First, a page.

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The Butler Did It

Ever have déjà vu? I did on Friday night and it lasted about two and a half hours.

I was sitting in a press box at the Maryland SoccerPlex in Germantown, Md., watching the New York Pancyprian Freedoms take on Real Maryland in a Lamar Hunt U.S. Open Cup first-round match.

Starting for the Astoria-based Freedoms were former St. John’s standouts Jeff Matteo, Matia Damiani and Sebastian Alvarado-Ralph, as well as Red Storm assistant coach Marc Reeves.

To my right in the press box was Mex Carey, a former St. John’s sports information director who currently works in the same capacity at Georgetown and who I sat next to at countless Red Storm games home and away for several years.

But it didn’t end there. Joining the former Red Storm players on the Pancyprians was Tasos Polydefkis, who I covered at Bayside HS a number of years ago, as well as Peter Pavlakos (St. Francis Prep) and Nick Katsanos (Archbishop Molloy), who I also covered in high school.

Primarily featuring Greek-American players, the Pancyprian Freedoms are an amateur team, a very good one at that. But they were facing a professional side in Real Maryland that plays in the United Soccer Leagues Second Division, the third tier of pro soccer in the United States. They train on a daily basis, while the Pancyprians practice twice a week, at best.

“It’s good. It’s a nice mix,” Polydefkis said. “Everyone stays close. It’s like a little family. Everyone cares about each other.”

Real Maryland had the crowd, a small, but lively group primarily of Latino descent, behind them and had former Major League Soccer standout Ronald Cerritos on their side. Some of the Freedoms’ players have played professionally — Matteo had a short stint in MLS and Katsanos just played a year in the fourth division in Greece — but for the most part, they’ve got full-time jobs.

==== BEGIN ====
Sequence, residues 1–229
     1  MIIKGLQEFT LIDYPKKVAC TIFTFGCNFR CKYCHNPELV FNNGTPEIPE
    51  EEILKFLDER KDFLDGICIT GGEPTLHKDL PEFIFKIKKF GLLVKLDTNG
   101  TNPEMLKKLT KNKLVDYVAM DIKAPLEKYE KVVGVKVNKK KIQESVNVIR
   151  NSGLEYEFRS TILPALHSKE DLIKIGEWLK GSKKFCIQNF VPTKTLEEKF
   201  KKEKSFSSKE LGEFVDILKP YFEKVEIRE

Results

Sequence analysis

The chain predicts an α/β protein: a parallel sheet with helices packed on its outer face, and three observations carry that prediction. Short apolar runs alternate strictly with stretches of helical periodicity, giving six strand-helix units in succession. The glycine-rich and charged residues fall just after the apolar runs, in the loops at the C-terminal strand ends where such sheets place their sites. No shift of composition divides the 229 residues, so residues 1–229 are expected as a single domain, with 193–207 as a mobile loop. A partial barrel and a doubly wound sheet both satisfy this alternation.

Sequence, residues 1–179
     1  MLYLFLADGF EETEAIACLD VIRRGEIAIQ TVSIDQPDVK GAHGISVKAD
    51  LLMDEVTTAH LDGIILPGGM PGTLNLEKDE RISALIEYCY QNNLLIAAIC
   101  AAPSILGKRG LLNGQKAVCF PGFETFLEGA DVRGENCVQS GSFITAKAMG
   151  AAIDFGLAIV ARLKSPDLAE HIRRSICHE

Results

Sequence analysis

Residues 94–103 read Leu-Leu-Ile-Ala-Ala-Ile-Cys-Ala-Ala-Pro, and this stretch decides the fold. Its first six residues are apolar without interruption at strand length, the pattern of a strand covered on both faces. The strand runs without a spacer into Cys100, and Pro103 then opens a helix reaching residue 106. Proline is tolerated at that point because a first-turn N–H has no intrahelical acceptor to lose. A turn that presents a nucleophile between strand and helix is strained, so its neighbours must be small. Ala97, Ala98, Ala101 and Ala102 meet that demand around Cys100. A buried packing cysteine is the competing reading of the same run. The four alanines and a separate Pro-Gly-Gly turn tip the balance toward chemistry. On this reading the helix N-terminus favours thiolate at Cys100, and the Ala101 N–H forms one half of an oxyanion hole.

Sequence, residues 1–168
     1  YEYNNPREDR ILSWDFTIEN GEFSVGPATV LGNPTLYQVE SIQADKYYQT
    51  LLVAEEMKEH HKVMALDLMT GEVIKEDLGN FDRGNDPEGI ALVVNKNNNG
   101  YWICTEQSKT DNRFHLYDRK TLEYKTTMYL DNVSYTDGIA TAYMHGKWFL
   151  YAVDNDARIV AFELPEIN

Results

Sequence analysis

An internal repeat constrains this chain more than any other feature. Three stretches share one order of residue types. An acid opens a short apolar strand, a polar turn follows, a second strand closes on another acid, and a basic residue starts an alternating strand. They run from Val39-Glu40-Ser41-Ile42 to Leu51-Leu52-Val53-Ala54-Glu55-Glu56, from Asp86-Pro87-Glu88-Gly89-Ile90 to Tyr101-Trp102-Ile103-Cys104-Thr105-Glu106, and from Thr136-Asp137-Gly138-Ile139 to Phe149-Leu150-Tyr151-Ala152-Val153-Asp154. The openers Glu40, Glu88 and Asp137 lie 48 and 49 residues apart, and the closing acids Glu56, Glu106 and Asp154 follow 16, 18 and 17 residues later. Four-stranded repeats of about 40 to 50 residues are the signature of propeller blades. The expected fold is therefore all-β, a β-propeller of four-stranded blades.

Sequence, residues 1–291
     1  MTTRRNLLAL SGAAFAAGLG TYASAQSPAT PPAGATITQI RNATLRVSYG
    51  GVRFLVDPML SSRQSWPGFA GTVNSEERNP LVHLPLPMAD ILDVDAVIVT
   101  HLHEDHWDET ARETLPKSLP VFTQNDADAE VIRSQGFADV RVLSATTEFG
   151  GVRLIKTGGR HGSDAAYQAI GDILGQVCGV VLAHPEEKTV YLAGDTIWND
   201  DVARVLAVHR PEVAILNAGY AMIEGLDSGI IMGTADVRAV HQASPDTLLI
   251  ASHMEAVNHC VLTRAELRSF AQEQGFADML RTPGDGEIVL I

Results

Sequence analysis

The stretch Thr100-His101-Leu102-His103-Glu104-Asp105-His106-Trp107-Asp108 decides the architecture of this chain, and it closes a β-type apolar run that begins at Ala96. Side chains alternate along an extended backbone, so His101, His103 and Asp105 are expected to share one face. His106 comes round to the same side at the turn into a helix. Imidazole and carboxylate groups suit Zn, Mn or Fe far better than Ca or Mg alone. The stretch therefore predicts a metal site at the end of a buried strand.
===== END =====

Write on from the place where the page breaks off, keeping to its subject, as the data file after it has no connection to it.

“One guy’s an accountant, Sebastian is in the city being an architect, Matia is working for (St. John’s president) Father Harrington. Guys do everything,” said Matteo, who is a St. John’s assistant coach along with Reeves. “It’s good because we get together, try and train twice a week. This is as professional as you’re going to get for a men’s league amateur team.”

The game was originally scheduled for June 10, but it was postponed because of inclement weather. That was the least of the Pancyprians’ problems.

“The bus breaks down three times total,” Matteo said. “The first time, we change the bus, get a brand new bus and the air conditioner blows. Coming back at like 3 a.m. coming over the Verrazzano Bridge, the bus stalls. We take town cars back. And this is all when the game gets canceled!”

The ride back to Maryland Friday was a bit smoother and the Freedoms went ahead on a goal by Julio Cesar Dos Santos. Real Maryland equalized, but Matia Damiani scored the go-ahead goal and the Pancyprian Freedoms were a few minutes from advancing to the second round. But they went a man down and gave up the tying goal in the 85th minute off a goalkeeping gaffe. With the game just moments from a penalty kick shootout, Real Maryland struck again, another goalkeeping mistake, and came away with a 3-2 victory.

“We gave them a gift,” Pancyprians coach Lukos Lukovic said. “I don’t want to give a gift. Gifts are for Christmas.”

The Pancyprian Freedoms were one of two amateur teams remaining in the nationwide tournament. Hollywood United, featuring goalkeeper Anthony LaPaglia, was the other.

Afterward, the St. John’s-based Pancpyrian Freedoms players shared a few laughs, and some bad pizza, and caught up with Carey. Then it was back on the bus, returning to New York set to play again on Sunday.

“As long as they still want me,” Reeves said, “I’ll play.”

Reach Sports Editor Dylan Butler by e-mail at or call 718-229-0300, Ext. 143.

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